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The Great Electronic Brain and the Rhetoric of Recruitment


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Georgia Institute of Technology Professor Mark Guzdial

When I was a kid, the computer was a "great electronic brain."  Much was made of the computer being human's first "thinking machine."  When Seymour Papert first started teaching Logo in the 1960's, students were told that they were "teaching" the computer new processes, new ideas, and new ways of doing things.  That was inspiring rhetoric.

Why did we shift away from that rhetoric?  I imagine that it was because it was dangerous.  Claiming that the computer was "thinking" implied that it was "thinking like a human," and that led to trusting what came out of the computer. 
Whatever the computer said must be as true as what a human might say.  Claiming "thinking" feels audacious, even presumptuous today.  Moving away from the "electronic brain" rhetoric hasn't actually improved matters much in terms of avoiding blind faith in computing.  Consider how many people believe something because they read it "on the Internet," or fall for email scams.

The "electronic brain" rhetoric is inspiring and fundamentally true.  A computer is the first device that humans have made that can think, in the sense of making decisions, conducting processes, and creating new products.  Yes, electromechanical systems make decisions, but not nearly at the scale of what a modern electronic computer can, and scale really matters.  Our neurons aren't that much different from lesser animals, but the number and complexity result in conscious beings.  We do not yet know the limits of computational processing with regards to thinking. We have a suspicion that, as the complexity increases, the closer we get to real thinking.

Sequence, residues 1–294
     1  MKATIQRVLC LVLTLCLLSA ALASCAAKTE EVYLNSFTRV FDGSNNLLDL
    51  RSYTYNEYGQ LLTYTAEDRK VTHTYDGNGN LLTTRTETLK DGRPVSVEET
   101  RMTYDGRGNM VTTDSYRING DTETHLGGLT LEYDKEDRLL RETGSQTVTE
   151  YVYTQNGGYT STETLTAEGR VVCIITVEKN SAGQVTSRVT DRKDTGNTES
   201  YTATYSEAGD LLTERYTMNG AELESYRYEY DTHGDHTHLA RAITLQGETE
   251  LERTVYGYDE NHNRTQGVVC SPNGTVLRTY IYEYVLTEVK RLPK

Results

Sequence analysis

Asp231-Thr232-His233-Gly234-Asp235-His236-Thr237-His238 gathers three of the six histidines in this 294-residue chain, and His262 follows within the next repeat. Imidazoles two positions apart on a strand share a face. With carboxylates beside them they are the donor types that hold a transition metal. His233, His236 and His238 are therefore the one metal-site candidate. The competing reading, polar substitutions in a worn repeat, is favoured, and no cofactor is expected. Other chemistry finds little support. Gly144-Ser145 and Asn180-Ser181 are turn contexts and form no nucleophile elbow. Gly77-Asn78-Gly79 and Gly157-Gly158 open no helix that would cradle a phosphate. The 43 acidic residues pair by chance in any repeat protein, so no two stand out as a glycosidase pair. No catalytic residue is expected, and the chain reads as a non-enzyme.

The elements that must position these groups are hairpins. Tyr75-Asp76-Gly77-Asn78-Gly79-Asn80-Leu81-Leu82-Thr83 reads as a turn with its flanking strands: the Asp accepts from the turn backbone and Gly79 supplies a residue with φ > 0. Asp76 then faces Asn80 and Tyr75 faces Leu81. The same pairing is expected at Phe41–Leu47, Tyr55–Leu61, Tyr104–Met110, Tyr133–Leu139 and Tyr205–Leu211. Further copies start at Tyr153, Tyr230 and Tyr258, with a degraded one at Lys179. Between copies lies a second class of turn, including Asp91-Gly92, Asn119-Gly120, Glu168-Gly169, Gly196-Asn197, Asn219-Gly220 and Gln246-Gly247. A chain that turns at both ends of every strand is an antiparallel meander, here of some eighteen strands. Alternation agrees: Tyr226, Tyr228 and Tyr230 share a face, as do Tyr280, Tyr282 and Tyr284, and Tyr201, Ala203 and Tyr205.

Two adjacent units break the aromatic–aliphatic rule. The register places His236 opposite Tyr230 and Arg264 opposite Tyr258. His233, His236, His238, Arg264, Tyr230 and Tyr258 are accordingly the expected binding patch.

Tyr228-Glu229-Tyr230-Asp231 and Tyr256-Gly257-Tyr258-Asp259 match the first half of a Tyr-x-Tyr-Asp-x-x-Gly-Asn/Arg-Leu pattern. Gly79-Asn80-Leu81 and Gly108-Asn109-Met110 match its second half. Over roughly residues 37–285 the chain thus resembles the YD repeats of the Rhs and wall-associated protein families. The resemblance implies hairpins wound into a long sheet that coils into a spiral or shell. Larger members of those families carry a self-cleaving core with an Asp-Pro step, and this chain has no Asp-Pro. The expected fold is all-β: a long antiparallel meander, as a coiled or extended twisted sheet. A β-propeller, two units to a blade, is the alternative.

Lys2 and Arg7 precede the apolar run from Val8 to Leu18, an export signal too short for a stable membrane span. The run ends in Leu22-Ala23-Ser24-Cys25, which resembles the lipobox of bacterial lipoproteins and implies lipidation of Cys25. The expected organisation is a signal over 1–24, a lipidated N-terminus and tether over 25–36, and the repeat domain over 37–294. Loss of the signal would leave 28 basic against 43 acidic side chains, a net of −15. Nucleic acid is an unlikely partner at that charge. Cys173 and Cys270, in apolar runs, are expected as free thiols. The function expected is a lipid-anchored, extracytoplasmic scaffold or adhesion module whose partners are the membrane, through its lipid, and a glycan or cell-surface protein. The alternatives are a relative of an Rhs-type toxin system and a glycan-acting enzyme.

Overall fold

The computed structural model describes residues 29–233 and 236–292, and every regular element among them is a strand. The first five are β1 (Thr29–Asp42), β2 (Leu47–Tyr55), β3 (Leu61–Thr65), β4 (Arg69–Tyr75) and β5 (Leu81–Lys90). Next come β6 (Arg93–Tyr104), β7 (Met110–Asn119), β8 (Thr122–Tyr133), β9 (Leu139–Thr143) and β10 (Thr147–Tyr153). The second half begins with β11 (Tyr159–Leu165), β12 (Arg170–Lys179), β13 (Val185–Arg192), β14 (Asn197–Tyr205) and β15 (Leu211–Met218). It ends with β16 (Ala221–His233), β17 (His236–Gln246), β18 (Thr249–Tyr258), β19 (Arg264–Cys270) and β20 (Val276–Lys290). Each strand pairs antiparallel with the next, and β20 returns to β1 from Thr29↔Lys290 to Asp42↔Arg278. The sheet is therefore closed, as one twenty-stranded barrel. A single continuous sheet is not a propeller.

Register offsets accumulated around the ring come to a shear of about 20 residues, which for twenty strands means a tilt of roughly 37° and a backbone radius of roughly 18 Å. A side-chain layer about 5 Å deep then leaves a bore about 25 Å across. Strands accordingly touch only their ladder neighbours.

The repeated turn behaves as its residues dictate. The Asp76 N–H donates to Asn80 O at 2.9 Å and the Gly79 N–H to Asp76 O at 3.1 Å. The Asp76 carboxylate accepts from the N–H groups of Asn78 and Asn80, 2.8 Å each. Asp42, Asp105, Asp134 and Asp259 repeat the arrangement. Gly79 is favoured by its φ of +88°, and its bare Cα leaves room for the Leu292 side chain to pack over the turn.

Human-scale intelligence might be possible to replicate in a computer. Answering that question is a Grand Challenge not just for computer science, but for all humanity. It's a challenge that spans genders and ethnicities.  The smaller form of the question is important for every discipline: How much of the thinking and processing that is done in my field can be encoded in an algorithm and handed off to a computer?  How will such handing-off of thinking change my field?  What we see in science and engineering suggests that the answer to that second question is "Profoundly, changing the very nature of what you can do and how you operate."

I was reminded of the "electronic brain" rhetoric when I read about Gerald Sussman's comments on why MIT switched from Scheme to Python in their introductory computing course.  One of his comments, on how programming has fundamentally changed, really impressed me: "The fundamental difference is that programming today is all about doing science on the parts you have to work with."  Programming is no longer just about reflecting on a problem and construction a solution, he suggests.  Programming is about assembling the parts that we have to work with and "doing science" on the sum of the parts.  A key piece of the new process of this is that we do not know how the parts work, only what they do.  The parts have their own "thinking" to them, making decisions and dealing with data that is invisible to us, even as programmers.  This new view of programming is about shifting up levels of abstraction.  We're getting closer to assembling units of thinking. A science of that is bold, noble, presumptuous, and audacious.

In talking to people about CRA-E, I've realized how important Grand Challenges and Noble (even Nobel) Pursuits have to do with recruitment.  People go into a field to make money, yes.  The people who are most inspired and whom you most want in your discipline pursue it because they see the field as important.  We need to get back to that in computing.  Yes, recruitment into computing is about jobs and the fear of off-shoring.  It's also about solving important problems and increasing our understanding of what it means to be human.  That's something to inspire great human brains.


 

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